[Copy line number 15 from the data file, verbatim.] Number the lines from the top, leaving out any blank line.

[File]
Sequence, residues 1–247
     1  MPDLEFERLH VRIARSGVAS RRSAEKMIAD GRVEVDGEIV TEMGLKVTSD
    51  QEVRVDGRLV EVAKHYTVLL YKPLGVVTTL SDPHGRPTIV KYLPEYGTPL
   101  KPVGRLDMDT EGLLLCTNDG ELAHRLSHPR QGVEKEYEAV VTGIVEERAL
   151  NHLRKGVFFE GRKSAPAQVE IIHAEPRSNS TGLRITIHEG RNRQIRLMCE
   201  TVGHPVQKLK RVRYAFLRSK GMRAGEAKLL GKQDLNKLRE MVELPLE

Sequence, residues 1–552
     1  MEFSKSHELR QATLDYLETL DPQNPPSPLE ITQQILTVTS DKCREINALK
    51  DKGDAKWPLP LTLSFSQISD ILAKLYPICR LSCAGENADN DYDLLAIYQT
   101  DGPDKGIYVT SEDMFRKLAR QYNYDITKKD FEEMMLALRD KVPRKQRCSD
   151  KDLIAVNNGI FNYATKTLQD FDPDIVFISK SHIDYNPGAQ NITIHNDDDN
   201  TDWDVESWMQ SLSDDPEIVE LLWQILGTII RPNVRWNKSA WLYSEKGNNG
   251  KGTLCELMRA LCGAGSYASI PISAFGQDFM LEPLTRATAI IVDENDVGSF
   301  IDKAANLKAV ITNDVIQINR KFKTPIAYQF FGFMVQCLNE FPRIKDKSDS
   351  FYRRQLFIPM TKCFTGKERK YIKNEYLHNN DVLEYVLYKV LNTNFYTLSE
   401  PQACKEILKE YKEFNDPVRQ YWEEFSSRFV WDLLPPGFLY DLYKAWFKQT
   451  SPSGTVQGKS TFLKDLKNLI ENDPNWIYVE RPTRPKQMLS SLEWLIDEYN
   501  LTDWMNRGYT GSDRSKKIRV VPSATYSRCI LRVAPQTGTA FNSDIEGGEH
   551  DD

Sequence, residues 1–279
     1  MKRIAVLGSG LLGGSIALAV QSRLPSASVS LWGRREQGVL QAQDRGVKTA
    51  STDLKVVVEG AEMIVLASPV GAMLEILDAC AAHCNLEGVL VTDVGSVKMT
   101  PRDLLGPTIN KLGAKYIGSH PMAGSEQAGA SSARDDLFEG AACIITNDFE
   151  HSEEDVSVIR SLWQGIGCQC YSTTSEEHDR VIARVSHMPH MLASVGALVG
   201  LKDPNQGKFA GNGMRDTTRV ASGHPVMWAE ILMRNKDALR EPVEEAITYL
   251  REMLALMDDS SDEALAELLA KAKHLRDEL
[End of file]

   351  FYRRQLFIPM TKCFTGKERK YIKNEYLHNN DVLEYVLYKV LNTNFYTLSE